United States House of Representatives

The Committee on Energy and Commerce
2125 Rayburn House Office Building, Washington, DC 20515
(202) 225-2927

Testimony of Shelley Berkley
U.S. Representative, Nevada

April 18, 2002

I would like to thank chairman Barton and Ranking Member Boucher for offering me the opportunity to testify today.

Let me begin by expressing the outrage felt throughout Nevada about this ill-advised project. Over 83% of the people I represent vehemently oppose Yucca Mountain. We don't want the dump, and our country does not need this dump. Yucca mountain is not the solution to what is the problem of disposal of the bi-product of nuclear energy....nuclear waste.

There is a myth that the approval of Yucca Mountain as a high-level nuclear waste repository will solve the problems of on-site storage. Nothing could be further from the truth. Yucca mountain's former acting director lake Barrett recently testified that nuclear waste will always be stored at, or near, reactor sites. The U.S. currently produces 2,000 tons of nuclear waste a year. By the time a repository opened (somewhere between 2010 and 2016) there will be 62,000 tons of nuclear waste stored at on-site reactors around the country. The maximum amount of transport per year will be 3,000 tons. At sites where waste is produced, there will be as much waste there 50 years from now as there is today.

The claims that Yucca Mountain reduces the threat of terrorism by eliminating waste at 131 sites in favor of one site is completely untrue. Yucca mountain will not reduce the threat of terrorism at operating reactors. It adds one more site to protect.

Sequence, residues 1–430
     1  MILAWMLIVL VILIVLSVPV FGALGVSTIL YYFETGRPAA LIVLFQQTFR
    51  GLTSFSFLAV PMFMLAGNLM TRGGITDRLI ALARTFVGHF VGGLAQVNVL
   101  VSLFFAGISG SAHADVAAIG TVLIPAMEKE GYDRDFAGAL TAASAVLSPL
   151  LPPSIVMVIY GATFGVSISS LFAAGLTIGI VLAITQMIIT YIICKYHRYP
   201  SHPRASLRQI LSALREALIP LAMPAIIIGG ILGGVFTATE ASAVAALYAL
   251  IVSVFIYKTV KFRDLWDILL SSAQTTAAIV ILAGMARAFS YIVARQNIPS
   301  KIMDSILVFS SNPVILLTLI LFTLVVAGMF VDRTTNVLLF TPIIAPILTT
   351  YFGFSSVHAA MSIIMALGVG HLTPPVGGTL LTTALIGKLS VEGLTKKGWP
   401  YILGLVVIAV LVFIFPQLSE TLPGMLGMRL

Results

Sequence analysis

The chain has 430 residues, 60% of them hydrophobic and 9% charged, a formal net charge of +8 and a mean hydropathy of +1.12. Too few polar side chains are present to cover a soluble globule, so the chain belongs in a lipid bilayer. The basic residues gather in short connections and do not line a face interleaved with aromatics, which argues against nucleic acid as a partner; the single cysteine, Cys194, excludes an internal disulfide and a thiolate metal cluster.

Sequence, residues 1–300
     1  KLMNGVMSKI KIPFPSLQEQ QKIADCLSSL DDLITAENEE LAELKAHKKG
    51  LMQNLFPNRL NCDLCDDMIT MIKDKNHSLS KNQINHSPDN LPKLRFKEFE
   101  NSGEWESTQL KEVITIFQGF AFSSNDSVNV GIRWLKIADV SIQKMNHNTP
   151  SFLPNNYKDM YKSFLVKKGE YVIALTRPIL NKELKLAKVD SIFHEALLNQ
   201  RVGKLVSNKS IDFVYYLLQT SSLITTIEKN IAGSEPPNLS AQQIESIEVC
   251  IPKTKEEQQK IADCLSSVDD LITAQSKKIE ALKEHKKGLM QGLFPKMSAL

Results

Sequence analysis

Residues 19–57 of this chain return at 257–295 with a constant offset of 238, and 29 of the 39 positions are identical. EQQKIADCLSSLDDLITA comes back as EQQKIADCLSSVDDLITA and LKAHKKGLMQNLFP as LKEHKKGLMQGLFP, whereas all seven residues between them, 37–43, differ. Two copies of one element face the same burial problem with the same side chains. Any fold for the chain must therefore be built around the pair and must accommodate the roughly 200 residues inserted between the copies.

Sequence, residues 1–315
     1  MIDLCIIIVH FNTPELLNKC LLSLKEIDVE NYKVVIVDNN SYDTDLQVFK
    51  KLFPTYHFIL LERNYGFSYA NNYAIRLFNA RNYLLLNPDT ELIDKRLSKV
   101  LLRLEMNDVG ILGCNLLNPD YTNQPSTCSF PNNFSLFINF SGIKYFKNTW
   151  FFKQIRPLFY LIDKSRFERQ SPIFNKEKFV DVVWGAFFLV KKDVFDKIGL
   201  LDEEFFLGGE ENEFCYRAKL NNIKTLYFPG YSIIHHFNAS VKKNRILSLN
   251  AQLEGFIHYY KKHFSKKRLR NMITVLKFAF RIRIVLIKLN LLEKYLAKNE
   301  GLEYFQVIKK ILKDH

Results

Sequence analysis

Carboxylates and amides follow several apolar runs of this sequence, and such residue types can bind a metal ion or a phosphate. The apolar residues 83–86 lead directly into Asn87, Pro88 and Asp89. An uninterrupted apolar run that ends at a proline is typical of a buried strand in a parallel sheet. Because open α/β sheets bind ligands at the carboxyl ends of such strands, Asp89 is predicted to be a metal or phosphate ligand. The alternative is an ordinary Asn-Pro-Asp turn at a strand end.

The real dirty secret that the DOE has tried desperately to ignore is the immense vulnerability of nuclear waste transports. Of the 33 members of this committee, the DOE plan calls for transport of nuclear waste through 30 of your districts. According to the DOE, Ohio will have more then 12,000 shipments, with 13 of the 19 congressional districts affected. According to experts who have analyzed the DOE's transportation data, more than 123 million people live in the 703 counties traversed by doe's proposed highway routes, and 106 million live in counties along doe's rail routes. DOE predicts that between 10 and 16 million people will live within just one-half mile of a transportation route in 2035. Given the frequency of these shipments, even routine radiation from the casks, given off while passing on the highway, or stuck at a red light, would be a health concern for people living and working in the vicinity of the transportation routes -- roughly 16 millions Americans who own homes, and go to school, and go to houses of worship in the communities immediately alongside the routes.

Of even greater concern is the threat of an accident -- or even worse, a terrorist attack. If Yucca Mountain is approved there could be more then 108,000 cross-country truck shipments of spent nuclear fuel and high-level radioactive waste over 38 years. There will be between 957 and 2,855 shipments per year over 38 years, depending on whether and how much rail access is developed. For comparison, over the past 40 years, there have been less than 100 shipments per year in the united states.

A terrorist attack or accident would release radioactive materials from the cask that would prove disastrous to the environment and human health, and cost billions of dollars to try to clean up. The DOE acknowledges in the environmental impact statement that we can expect anywhere from 50 to over 300 accidents. Additionally, two separate tests, one done at Sandier National Laboratory and the other at Aberdeen Proving Grounds, demonstrate that readily available munitions can breach a nuclear waste canister. Currently, casks are only licensed through a combination of scale-model testing and computer simulations. Do we really think it is good policy to ship 108,500 shipments in casks that have never actually been tested?